First Netflix. Then HBO. And now, Amazon, is going after YouTube's lunch. The e-commerce giant is opening its doors to video creators through a new service it's calling Amazon Video Direct, even launching a program called "Amazon Video Direct Stars" to directly court YouTube's top "stars" with big payouts.

The online retail giant will now allow content makers to upload their own video creations to Amazon — and make money through subscriptions or advertising. And if that sounds like Amazon is trying to become YouTube, that’s because it is.

They're also addressing a huge source of pain for YouTube creators, who consistently lament that they don't make enough money. On that front, Amazon has an attractive deal: for creators who make it into Amazon's top 100, they'll pay an additional $1 million a month.

Amazon Video Direct has at least 19 companies signed up to use the service thus far, including Condé Nast, Machinima and Samuel Goldwyn Pictures, but anyone can use it. People uploading through the service have the ability to choose where and how exactly their customers can see their video: free on Amazon Prime (for Prime members), free with ads, via rental or actual purchase, or even as part of a subscription service. It’s also global, though not, perhaps, in the way streaming giant Netflix is — creators can make their videos available in the U.S., Germany, Austria, the U.K. and Japan.

These videos won’t live in a separate section of Amazon Video, cordoned off from Amazon-produced or paid-for content like “Transparent” or “Man in the High Castle,” at least not according to a cursory poke around the Amazon Video section, which returned several short-form documentaries and films from these partners.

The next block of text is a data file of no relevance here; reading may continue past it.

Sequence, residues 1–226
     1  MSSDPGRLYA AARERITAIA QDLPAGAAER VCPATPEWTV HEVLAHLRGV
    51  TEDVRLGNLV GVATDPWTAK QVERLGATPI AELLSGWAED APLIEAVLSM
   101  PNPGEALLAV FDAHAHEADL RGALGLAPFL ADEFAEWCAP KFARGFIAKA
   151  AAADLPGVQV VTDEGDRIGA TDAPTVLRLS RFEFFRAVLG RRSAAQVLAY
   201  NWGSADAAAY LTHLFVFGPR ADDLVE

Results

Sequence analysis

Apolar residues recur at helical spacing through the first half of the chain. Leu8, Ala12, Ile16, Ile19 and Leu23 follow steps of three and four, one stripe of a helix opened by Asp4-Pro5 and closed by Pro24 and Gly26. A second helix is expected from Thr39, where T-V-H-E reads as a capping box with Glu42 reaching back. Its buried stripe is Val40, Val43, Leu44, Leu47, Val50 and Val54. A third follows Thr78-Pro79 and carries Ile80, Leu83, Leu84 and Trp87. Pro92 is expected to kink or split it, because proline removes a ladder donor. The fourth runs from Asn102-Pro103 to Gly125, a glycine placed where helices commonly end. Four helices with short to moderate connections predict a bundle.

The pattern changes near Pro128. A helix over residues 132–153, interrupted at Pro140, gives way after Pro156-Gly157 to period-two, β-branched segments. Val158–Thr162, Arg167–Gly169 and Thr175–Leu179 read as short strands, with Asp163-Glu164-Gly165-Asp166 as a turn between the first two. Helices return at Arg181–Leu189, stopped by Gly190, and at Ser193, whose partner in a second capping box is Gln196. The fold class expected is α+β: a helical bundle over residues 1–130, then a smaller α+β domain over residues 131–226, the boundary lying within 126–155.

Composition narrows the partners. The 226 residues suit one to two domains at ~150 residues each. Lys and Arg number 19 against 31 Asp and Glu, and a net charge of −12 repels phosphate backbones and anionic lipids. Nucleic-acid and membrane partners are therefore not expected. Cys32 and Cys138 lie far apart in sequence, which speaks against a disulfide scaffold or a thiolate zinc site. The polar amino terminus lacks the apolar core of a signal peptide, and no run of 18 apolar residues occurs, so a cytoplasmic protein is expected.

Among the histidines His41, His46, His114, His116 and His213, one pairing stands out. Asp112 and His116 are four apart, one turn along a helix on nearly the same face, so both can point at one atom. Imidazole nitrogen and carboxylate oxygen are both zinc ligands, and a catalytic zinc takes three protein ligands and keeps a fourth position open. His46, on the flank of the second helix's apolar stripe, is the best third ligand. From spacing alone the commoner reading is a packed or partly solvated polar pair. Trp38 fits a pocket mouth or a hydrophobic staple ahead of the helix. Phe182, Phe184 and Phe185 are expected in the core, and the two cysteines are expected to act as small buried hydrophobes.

Rumors have swirled for months now about a live Amazon TV package, focusing on the idea that CEO Jeff Bezos was coming after the TV industry. They bid for the streaming rights to NFL’s Thursday Night Football package (Twitter ended up snagging them); inked a deal with the NFL to exclusively run a new NFL Films docuseries, “All or Nothing” (free with ads for all Amazon customers); and dipped into live TV with their own nightly fashion show “Style Code Live.”

But put together with the acquisition of live video-game streaming site Twitch in 2014 and their “unbundling” of Prime Video from the larger Prime service, it’s more apparent now that merely being another TV company was far too small potatoes for Bezos. They want to be a one-stop shop for video of all kinds: live, bite-sized, long-form, feature-length and, perhaps most importantly, global.

It goes beyond video, of course, and even beyond figuring out a way to stake a claim on possibly billions of ad dollars. Amazon has created an actual one-stop general shop for consumers, and a paradise of an ad environment for marketers. You can watch a branded video produced by Machinima, order the game touted in the video while in the same browser tab, have it delivered via Amazon Prime, and then stream yourself playing it on Twitch. It’s only a wonder Amazon Video Direct took until 2016 to happen.